Martin Luther King’s voting message is relevant for United States today
This week, Martin Luther King is being honored in civic and religious venues throughout the nation. Most often, the words chosen will come from his powerful “I Have a Dream” speech, with its vision that “little children will one day live in a nation where they will not be judged by the color of their skin, but by the content of their character.”
Today, the nation seems further from that promised land of equality and justice than when King was killed. Worse yet, the most fundamental right King fought for — the right to vote — is under the most intense attack since the emergence of Jim Crow laws in the post-Civil War South.
A more appropriate speech to represent King today would be his “Give Us the Ballot” speech delivered in 1957. This was the speech that brought King to national prominence, and laid the foundation for passing the Voting Rights Act of 1965.
“No nation can long continue to flourish or to find its way to a better society while it allows any one of its citizens ... to be denied the right to participate in the most fundamental of all privileges of democracy — the right to vote,” King told a crowd on 20,000 assembled before the Lincoln Memorial steps in 1957.
The Voting Rights Act prohibited practices, ranging from literacy tests to poll taxes, enacted by Southern states to prevent blacks from voting. The act also empowered federal agencies to ensure that voting places were accessible to all people.
Since taking effect in 1965, the act has been extended four times.
Not until 2008 were the full implications of the Voting Rights Act realized. Minority voters, young voters, retired voters and other groups not usually likely to vote, turned out in unprecedented numbers to elect Barack Obama.
As a result of that election, weakening the Voting Rights Act has become a Republican priority. New voter restriction laws aimed at reducing participation by groups likely to vote Democratic have been introduced in at least 34 states. More than 5 million Americans could lose their right to vote in 2012 if these measures are successful.
The new voting laws establish photo ID requirements, change early voting periods, ban or set prohibitive requirements for out-of-state college students to vote, terminate voting rights for ex-felons who have served their sentences, institute complicated rules for voter registration and establish other measures designed to suppress voters who trend Democratic.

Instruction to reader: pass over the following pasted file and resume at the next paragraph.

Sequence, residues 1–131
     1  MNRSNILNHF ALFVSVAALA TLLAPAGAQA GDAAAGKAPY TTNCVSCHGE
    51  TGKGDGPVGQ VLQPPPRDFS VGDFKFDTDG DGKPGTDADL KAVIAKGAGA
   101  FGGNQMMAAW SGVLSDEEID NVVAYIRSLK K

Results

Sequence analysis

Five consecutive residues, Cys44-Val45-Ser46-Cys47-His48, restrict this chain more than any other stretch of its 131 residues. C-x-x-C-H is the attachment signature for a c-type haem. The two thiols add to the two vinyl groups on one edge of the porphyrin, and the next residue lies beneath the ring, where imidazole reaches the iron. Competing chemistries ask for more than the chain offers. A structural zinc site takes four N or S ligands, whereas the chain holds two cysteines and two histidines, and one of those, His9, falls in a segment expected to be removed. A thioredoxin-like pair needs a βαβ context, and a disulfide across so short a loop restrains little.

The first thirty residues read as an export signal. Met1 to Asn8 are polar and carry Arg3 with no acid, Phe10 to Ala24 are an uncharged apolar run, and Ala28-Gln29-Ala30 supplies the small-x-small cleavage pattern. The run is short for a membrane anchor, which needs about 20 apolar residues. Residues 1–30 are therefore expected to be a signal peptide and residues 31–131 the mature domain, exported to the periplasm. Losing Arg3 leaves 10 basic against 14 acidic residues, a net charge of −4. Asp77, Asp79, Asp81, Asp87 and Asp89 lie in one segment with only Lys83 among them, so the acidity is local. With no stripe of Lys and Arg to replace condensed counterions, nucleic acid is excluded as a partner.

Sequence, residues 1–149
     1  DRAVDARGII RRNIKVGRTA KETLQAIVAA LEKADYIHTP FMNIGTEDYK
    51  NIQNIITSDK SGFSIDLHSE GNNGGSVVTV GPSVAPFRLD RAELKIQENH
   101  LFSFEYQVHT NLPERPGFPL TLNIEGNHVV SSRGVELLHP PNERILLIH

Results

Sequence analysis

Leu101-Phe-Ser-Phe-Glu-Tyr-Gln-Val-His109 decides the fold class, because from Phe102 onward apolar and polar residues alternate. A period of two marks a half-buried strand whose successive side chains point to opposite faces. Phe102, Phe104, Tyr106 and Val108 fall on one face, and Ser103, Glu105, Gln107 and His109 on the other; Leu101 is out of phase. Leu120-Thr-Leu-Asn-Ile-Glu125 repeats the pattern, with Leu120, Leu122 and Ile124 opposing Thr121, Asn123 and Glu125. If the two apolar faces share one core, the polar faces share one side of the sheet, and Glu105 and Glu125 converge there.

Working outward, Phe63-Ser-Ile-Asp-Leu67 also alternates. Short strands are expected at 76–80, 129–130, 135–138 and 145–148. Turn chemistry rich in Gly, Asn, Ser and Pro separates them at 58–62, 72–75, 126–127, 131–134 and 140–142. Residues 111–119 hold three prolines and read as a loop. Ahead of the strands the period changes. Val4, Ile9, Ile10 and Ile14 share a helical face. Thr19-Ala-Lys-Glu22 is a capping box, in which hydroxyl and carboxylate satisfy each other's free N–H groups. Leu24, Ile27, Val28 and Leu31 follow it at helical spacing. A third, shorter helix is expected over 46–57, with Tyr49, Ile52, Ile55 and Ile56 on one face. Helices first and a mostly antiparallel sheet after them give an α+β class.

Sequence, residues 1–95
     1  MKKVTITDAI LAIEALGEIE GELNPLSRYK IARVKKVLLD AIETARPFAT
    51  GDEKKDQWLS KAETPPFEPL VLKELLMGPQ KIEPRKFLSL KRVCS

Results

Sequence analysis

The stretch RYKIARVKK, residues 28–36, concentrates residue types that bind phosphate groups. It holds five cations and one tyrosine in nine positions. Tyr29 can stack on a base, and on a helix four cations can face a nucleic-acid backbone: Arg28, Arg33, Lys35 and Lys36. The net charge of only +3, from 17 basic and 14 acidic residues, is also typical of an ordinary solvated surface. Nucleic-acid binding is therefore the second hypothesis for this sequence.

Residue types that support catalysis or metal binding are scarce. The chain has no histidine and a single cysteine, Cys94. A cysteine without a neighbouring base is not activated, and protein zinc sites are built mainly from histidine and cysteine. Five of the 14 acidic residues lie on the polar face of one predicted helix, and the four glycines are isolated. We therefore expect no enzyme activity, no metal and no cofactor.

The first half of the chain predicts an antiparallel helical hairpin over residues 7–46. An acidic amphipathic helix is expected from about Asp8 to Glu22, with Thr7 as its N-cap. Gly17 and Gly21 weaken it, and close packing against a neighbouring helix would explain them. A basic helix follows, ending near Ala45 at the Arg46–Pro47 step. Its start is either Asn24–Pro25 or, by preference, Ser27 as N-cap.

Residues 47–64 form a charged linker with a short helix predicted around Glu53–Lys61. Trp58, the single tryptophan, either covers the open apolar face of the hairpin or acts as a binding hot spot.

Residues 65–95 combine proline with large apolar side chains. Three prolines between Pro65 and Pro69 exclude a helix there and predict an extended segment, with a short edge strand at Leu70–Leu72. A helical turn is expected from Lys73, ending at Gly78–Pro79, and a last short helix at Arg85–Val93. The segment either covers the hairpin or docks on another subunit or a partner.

Fortunately, the Justice Department is beginning to investigate these new voting restrictions for violations of the Voting Rights Act. The department has already invalidated a South Carolina voter ID law. Others in other states are under investigation.
“Protecting the right to vote, ensuring meaningful access, and combating discrimination must be viewed, not only as a legal issue, but as a moral imperative,” Attorney General Eric Holder said. “And ensuring that every eligible citizen has the right to vote must become our common cause.”
In December, a coalition of civil rights groups, including the NAACP and the National Urban League held a “Stand for Freedom” rally at the United Nations to protest these infringements on the right to vote.
Afterward, the NAACP announced the launch of “an unprecedented voter registration drive and our first-ever voter identification drive. And throughout next year, we will wage voting rights battles in state houses and courts around the country.”
Legislation has been introduced in the House to curb rampant voter suppression, but it is not expected to pass. Meantime, state and local officials show little inclination to lead the fight to restore and protect voting rights for all American citizens.
“The civil rights issue is not an ephemeral, evanescent domestic issue that can be kicked about by reactionary guardians of the status quo; it is rather an eternal moral issue which may well determine the destiny of our nation.”
As King warned, “The hour is late. The clock of destiny is ticking out. We must act now, before it is too late.”